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How will the pandemic change jobs, growth and productivity?

Professor Bart van Ark, Managing Director of The Productivity Institute was joined by Dr. Anna Valero from The London School of Economics and Political Science and Dr. Giles Wilkes from the Institute for Government to give evidence at the UK Treasury Select Committee inquiry on Jobs, growth, and productivity after coronavirus.

The two-and-a-half hour session was wide-ranging in its scope, covering how productivity is measured, the effect of Brexit, the adoption and diffusion of technology and the importance of skills, education and management competencies and more.

Below are some excerpts from Bart’s oral evidence for the Committee.

The K-Shaped recovery

Felicity Buchan, MP for Kensington, asked Bart how economic scarring had impacted UK firms over recent years, particularly through lockdowns.

Bart talked about the risk of a K-shaped recovery from the pandemic for UK firms – where different parts of the economy recover at different speeds, times, and magnitudes.

“Some pockets in society will be doing fine out of the crisis and some will not,” he noted.

The recovery of SMEs is of particular concern. SMEs make up 61% of the total employment in the UK, or 16.8 million employees – around half of turnover of the UK private sector, figures from the Department for Business, Innovation and Skills show.

Bart said companies whose business activities held up during lockdown often owed this to their ability to productively use digital technologies, including a relatively easy switch to home working and on-line business activity. Coming out of the lockdown they moved up the sloping part of the K.

Other firms, in particular SMEs which were digitally challenged, are more likely to fall further behind and slide down the downward slope of the K during the recovery.

“Anything that can be done from a government perspective to support, to improve what we sometimes call absorptive capacity, which is the ability of firms to drive new technologies, to innovate and to retrain skills is going to be very important,” Bart said.

Bart said the key policy question was how to design the winding down of the support programmes in such a way that it didn’t adversely affect the most productive companies because of liquidity issues.

The effects of the K-shaped recovery would also be different across English regions and devolved nations.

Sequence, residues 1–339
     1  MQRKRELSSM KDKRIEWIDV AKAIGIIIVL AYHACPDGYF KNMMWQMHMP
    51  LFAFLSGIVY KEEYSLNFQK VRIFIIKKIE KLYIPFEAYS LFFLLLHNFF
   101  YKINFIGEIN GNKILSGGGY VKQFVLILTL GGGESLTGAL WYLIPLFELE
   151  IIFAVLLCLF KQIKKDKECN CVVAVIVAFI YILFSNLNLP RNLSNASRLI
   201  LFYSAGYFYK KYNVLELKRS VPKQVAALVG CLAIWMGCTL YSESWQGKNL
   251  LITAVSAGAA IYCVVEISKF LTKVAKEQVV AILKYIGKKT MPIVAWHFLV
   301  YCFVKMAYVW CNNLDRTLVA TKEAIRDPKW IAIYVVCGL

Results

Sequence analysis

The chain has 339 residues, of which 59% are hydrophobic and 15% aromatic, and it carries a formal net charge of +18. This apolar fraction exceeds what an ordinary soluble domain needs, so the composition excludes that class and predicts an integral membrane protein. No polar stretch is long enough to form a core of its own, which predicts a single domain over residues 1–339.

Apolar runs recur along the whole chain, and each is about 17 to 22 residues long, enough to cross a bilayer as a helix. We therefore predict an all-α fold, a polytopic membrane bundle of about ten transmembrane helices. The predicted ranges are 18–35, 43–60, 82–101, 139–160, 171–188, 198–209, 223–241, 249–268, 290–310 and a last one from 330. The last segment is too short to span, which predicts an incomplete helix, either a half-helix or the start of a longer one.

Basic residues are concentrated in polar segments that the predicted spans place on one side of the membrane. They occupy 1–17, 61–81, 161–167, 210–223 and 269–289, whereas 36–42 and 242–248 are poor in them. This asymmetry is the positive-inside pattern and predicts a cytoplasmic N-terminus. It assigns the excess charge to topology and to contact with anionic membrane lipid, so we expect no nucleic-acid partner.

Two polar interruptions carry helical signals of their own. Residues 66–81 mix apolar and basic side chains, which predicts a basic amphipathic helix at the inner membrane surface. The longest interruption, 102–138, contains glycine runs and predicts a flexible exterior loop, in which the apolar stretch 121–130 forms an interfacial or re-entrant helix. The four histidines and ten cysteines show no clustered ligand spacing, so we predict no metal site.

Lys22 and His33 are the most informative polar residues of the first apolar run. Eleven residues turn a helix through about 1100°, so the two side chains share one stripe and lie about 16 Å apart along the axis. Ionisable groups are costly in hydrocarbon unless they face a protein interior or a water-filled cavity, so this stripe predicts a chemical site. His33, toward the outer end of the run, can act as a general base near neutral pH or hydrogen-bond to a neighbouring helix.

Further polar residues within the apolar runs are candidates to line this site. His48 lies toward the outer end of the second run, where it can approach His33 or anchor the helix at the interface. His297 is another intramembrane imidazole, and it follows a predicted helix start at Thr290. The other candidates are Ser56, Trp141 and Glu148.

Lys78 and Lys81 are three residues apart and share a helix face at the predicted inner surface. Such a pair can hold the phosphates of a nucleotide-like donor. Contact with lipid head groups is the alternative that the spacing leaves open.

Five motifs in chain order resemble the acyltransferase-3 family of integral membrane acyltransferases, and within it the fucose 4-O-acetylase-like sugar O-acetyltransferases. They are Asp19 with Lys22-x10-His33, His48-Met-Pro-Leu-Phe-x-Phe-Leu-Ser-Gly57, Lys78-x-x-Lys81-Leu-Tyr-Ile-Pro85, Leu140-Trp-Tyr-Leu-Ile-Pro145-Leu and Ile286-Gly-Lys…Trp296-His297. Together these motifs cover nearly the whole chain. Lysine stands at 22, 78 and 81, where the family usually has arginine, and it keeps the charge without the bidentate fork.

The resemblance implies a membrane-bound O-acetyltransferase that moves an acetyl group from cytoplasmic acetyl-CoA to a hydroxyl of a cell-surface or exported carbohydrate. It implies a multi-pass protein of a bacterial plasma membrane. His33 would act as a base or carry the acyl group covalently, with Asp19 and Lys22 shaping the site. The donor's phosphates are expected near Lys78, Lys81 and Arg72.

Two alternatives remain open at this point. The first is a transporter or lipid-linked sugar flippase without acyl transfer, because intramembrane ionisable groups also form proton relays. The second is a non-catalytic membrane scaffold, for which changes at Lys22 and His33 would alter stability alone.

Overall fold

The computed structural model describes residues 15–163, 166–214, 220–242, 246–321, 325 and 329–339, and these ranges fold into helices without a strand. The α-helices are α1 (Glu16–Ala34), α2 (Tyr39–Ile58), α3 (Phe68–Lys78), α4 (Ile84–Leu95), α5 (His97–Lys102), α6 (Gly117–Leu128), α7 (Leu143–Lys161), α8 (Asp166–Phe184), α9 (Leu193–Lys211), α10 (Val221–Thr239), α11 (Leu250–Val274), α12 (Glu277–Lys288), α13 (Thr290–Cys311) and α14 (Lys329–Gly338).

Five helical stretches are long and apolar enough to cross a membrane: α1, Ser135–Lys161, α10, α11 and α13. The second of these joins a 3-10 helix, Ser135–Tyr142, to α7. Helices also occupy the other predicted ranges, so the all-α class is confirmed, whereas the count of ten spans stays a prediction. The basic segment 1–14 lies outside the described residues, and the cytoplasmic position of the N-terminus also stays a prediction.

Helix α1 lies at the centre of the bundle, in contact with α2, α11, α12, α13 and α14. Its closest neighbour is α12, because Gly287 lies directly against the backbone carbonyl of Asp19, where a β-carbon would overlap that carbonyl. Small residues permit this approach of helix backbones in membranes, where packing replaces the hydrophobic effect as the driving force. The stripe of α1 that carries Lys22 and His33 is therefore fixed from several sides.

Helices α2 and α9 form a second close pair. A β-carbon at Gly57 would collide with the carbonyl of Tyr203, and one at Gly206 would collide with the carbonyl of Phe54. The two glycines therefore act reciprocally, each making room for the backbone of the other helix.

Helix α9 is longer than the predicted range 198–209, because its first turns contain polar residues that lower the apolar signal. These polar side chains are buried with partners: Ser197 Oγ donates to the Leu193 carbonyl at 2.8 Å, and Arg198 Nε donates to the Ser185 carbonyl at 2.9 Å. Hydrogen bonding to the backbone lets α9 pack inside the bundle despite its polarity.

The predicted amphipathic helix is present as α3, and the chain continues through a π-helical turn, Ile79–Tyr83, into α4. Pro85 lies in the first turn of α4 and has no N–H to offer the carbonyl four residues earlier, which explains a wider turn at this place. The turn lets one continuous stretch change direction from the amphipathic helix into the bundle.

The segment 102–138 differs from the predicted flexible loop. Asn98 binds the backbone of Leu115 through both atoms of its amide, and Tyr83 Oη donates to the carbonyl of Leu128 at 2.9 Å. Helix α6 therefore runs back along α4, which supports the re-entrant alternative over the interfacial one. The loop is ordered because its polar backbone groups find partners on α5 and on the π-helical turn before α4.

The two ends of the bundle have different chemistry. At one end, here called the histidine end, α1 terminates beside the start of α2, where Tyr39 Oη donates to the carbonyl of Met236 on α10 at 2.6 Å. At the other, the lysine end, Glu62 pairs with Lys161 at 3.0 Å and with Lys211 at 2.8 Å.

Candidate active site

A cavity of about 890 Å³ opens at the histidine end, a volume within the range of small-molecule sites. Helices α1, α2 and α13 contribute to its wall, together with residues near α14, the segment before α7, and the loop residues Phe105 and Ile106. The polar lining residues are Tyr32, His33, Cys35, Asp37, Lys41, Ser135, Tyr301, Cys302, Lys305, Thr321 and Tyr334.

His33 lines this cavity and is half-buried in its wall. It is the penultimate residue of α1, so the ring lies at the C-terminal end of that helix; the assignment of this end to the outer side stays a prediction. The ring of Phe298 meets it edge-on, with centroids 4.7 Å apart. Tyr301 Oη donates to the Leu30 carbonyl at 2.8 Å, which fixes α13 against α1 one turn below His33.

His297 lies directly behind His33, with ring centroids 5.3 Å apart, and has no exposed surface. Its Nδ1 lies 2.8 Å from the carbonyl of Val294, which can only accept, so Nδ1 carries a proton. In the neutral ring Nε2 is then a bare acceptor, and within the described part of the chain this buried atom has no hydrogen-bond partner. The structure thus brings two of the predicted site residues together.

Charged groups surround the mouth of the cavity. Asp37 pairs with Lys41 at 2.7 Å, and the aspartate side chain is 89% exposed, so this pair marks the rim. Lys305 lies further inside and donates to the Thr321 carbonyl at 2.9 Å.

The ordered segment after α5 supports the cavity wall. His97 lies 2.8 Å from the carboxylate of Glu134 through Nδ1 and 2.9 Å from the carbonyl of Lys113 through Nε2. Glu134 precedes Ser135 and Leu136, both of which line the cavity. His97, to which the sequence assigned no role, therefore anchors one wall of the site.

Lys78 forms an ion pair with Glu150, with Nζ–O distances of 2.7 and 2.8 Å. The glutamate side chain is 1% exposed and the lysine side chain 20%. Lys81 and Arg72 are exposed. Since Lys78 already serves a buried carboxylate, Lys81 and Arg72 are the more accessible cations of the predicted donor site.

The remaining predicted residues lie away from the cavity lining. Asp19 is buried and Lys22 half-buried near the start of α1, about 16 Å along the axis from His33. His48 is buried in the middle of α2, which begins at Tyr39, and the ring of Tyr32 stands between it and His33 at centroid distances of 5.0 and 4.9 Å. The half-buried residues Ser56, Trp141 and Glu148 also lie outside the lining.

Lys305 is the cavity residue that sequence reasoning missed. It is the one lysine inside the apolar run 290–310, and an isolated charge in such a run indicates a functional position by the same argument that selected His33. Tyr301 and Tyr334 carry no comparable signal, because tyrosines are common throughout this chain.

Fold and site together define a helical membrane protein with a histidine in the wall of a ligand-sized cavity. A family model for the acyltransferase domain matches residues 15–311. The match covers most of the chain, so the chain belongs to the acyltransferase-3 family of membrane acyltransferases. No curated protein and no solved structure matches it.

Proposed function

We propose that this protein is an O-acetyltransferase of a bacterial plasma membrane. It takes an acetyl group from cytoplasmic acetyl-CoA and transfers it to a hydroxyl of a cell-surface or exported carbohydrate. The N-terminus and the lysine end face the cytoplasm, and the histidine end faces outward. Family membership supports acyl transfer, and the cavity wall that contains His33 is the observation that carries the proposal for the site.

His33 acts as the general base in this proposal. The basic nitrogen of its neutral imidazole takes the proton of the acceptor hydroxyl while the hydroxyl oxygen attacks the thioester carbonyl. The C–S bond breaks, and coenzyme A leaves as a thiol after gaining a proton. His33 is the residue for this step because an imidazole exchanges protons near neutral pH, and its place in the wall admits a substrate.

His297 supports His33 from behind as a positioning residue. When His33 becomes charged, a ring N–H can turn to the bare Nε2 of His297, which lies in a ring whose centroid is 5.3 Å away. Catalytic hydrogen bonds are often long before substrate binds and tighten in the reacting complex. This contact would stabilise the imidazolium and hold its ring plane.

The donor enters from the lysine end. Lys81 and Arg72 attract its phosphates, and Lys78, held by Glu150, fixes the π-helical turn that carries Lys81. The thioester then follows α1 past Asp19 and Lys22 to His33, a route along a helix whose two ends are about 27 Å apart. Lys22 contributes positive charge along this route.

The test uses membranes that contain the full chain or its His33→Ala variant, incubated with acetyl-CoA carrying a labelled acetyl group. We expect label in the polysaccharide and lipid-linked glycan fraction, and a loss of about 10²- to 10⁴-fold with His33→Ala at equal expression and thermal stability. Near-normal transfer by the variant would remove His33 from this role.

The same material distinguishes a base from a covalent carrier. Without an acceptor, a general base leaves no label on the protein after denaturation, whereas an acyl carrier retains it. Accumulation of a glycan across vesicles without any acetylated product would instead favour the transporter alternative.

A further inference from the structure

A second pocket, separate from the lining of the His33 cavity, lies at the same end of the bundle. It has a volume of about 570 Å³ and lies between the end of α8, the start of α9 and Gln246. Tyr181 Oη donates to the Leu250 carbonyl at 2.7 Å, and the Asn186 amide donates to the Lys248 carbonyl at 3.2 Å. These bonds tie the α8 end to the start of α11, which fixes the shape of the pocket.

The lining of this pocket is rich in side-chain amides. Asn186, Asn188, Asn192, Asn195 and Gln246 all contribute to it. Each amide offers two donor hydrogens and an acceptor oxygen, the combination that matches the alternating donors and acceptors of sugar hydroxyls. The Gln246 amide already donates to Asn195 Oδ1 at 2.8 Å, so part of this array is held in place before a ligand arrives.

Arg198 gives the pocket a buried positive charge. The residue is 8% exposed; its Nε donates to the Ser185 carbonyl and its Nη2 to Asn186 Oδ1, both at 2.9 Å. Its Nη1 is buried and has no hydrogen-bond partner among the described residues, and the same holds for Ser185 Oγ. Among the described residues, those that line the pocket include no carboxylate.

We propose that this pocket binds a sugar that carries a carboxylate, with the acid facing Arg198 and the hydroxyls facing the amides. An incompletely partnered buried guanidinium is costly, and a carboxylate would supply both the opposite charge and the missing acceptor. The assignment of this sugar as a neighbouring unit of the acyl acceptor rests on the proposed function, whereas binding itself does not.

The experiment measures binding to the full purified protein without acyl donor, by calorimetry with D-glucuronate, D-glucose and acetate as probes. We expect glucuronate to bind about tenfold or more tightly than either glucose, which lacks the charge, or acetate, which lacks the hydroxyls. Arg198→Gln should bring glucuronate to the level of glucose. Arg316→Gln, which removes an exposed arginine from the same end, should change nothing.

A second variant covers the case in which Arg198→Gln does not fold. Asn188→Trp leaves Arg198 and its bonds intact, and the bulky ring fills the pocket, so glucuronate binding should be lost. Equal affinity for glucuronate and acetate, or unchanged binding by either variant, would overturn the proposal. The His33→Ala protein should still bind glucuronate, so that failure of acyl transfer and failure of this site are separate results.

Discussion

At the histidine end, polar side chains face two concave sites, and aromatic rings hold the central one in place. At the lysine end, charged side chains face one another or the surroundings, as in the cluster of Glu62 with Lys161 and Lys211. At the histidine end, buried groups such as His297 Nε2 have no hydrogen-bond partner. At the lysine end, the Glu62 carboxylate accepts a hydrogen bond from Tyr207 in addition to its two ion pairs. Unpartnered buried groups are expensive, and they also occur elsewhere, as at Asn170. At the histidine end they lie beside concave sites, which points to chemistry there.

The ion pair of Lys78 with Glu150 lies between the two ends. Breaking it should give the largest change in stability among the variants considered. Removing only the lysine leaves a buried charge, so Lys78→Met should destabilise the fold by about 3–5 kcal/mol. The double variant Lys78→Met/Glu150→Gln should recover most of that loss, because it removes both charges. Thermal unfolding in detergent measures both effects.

“We worry about the fact that the persistence of regional disparities will be exacerbated by the crisis,” he said. “We worry that we will have these pockets where social infrastructure has been hurt even more, because the NHS has been under pressure and because a larger number of pupils in schools have dropped out and have not been able to catch up.”

“All these things could be exacerbated by the weak and underperforming social infrastructure that many regions in the country have. That would really point in the direction, again, that we need a lot of emphasis on education and training.

“Investing in catching up kids in schools and improving the intermediate skills of the workforce, for example, are important government priorities to avoid the scarring effects as we emerge from the crisis.”

The challenges of technology and new ways of working

Anthony Browne, MP for South Cambridgeshire, asked about the impact the pandemic had on working practices.

Bart said companies that had invested significantly in intangibles, such as organisational capital and management capabilities and in re-skilling the workforce, were adapting better.

“Originally, when we entered this crisis, we thought that everyone would be in trouble, but we then found out that these differences got exacerbated,” he said. “Companies that were already on their journey with regards to digital transformation were doing even better.”

“They were able to set people up very quickly to work from home; they had the systems in place very quickly. The companies that were not used to people working from home had to find out how to work with them; they had to reinvent their working methods and their models. What we are seeing now is that this difference has increased.”

In response to another question from Anthony Browne, Bart said managing the new hybrid model of working was also a challenge for firms. Before the pandemic, 5% of employees were hybrid workers. This has surged to 15% and could rise to 25%, or one third of the workforce.

“The key question here … is whether companies can manage to deal with this hybrid model,” Bart said. “Frankly, it is the hardest one. Having everybody in the office or everybody from home, at least for office-type functions, is much easier to do than this hybrid model.”